All you have to do is buy the Kaplan questions bank and do practice tests until you're consistently getting over 80% correct. A lot of the practice questions are the exact same as the real test questions.

    • 1
Apr 25, 2014

I think most places are 63 and 79 for IBD. The whole purpose of the 79 was to focus the test on more relevant topics (M&A, cap raises, etc)

Dec 28, 2010
Alpha-Resistant:

All you have to do is buy the Kaplan questions bank and do practice tests until you're consistently getting over 80% correct. A lot of the practice questions are the exact same as the real test questions.

This is literally all you have to do. I can't believe people pay hundreds of dollars for classes to help them pass this test.

Apr 24, 2014
ai215:

I think most places are 63 and 79 for IBD. The whole purpose of the 79 was to focus the test on more relevant topics (M&A, cap raises, etc)

Are you sure that they killed 7 entirely?

Jul 17, 2009

Any chance you want to ship me yours? Hahaha

Dec 28, 2010

Over 50% of the test is Options, Debt, and Regulations. I only read the debt (took options in school) section and just took practice quizzes and exams for the rest. Granted I had the class where they went over material.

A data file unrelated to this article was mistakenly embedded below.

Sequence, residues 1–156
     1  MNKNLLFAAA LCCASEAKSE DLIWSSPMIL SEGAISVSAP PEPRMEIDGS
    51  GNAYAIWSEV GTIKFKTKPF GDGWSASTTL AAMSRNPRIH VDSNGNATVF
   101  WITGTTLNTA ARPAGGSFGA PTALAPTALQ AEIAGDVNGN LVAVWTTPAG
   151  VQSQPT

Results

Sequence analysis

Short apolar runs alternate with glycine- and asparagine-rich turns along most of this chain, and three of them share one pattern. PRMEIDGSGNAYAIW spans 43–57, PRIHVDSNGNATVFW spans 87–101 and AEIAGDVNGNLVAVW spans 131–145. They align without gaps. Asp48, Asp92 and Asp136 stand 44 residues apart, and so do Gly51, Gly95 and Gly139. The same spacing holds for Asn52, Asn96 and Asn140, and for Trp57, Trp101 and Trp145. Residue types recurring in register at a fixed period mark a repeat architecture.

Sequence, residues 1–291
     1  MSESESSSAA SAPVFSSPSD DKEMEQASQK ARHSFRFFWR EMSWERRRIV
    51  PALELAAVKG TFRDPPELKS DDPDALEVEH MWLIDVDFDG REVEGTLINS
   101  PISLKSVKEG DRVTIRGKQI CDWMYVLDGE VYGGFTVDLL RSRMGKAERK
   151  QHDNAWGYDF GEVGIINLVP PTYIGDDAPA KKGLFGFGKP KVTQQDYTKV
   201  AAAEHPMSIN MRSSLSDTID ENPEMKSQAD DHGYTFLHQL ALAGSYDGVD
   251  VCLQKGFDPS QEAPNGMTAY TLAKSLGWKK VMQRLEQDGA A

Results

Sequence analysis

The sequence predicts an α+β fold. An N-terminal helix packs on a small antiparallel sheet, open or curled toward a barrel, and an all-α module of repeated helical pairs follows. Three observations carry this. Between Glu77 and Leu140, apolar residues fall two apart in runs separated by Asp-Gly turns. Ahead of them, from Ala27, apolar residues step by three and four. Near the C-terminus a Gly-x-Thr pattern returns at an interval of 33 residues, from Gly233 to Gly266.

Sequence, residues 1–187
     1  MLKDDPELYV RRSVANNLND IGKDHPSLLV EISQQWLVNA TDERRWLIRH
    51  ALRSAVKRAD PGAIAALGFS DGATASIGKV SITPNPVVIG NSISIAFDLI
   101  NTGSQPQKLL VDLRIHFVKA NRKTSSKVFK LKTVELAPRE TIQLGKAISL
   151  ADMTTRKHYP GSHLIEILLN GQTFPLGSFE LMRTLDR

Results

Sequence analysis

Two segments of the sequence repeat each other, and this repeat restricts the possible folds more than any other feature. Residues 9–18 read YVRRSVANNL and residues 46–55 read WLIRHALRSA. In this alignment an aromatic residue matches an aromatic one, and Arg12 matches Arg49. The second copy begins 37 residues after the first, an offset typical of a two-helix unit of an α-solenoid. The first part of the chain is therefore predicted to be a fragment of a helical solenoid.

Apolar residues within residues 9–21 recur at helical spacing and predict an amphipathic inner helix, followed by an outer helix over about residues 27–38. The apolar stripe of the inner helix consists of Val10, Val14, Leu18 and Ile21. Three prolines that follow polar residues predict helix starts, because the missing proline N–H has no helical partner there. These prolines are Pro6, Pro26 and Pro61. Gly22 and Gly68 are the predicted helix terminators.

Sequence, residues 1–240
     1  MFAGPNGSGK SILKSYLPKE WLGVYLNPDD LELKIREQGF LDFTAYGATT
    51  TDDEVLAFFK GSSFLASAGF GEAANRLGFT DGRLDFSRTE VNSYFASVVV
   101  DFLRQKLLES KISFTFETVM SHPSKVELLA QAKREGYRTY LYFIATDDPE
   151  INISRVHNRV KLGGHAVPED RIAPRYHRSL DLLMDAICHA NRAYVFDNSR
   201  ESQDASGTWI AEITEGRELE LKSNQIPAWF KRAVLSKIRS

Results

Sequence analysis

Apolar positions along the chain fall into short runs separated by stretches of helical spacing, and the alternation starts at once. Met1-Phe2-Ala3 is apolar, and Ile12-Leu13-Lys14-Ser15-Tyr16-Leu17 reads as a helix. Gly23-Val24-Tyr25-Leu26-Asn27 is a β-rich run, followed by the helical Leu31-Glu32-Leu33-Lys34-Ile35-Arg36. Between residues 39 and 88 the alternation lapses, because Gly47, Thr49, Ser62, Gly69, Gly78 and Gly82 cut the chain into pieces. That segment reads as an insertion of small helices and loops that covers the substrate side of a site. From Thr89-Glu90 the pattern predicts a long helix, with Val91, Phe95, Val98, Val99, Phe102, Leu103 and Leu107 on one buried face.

If you're taking STC or any of the other two major exam prep classes, I'd take quizzes in those three sections until you were scoring in the mid to high 80's on average (you should be able to score 100 on the options) and take a few quizzes on customer accounts/trading markets/new issues (so you have a baseline of about 60ish%) and then just take practice finals until you were scoring above 75. Skip analysis, equities, etc. If you have some sort of finance background you should be able to get the majority of those questions right anyway.

I took about 7 practice exams and my actual score (85%) was just about the average of my practice scores. I had some questions that were identical to my practice questions, and the majority were extremely similar. If you put in a weeks worth of solid studying (studying in the night, class in the day) you should pass easily.

Apr 22, 2013

Not sure why someone threw monkey shit at CBSWannabe because his information was perfectly accurate, though I would recommend Knopman over STC. Knopman has far superior prep materials to anything else out there. This is speaking for bankers who need to simply pass the tests to get their licenses without any bias as a preparation provider. Knopman is what I used when I took the 79...

xoxo

Dirk Dirkenson:

Shut up already. Your mindless, reflexive responses to any critical thought on this are tedious. You're also probably a woman, given the name and "xoxo" signoff, so maybe the lack of judgment is to be expected.

Apr 25, 2014

don't stress, your scores are fine. the 66 is tougher because of all of the odd regulations, the 3 is tough as well.